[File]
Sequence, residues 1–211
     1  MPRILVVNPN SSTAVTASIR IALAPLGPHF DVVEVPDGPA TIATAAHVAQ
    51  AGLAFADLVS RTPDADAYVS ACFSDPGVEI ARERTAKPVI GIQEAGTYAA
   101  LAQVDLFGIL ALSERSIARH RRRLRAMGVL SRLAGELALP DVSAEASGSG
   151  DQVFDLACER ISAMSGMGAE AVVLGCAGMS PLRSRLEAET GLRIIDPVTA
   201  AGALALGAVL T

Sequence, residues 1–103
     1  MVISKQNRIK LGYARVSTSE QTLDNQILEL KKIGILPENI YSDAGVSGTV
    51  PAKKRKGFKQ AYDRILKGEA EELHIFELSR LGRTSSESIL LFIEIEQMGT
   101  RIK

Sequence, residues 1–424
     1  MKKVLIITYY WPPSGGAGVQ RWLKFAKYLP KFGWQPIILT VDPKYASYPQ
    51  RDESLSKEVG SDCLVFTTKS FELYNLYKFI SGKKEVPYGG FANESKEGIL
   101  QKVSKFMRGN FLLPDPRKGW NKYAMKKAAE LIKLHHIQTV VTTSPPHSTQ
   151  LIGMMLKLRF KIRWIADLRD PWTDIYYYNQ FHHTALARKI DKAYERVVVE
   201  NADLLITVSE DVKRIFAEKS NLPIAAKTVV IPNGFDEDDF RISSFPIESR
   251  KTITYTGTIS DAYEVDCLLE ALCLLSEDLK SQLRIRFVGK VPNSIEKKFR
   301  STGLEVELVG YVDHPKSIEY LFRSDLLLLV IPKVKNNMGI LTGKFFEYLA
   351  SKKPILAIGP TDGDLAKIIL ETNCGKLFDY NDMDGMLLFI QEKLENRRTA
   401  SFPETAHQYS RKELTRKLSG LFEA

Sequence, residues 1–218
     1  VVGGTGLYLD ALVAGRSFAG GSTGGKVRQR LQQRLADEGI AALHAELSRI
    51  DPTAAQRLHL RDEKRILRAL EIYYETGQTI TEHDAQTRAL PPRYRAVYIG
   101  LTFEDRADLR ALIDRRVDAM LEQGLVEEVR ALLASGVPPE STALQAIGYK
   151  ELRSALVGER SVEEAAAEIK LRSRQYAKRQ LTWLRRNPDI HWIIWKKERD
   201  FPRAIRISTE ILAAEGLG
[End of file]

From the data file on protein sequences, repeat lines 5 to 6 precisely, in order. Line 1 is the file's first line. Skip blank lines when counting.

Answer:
   151  DQVFDLACER ISAMSGMGAE AVVLGCAGMS PLRSRLEAET GLRIIDPVTA
   201  AGALALGAVL T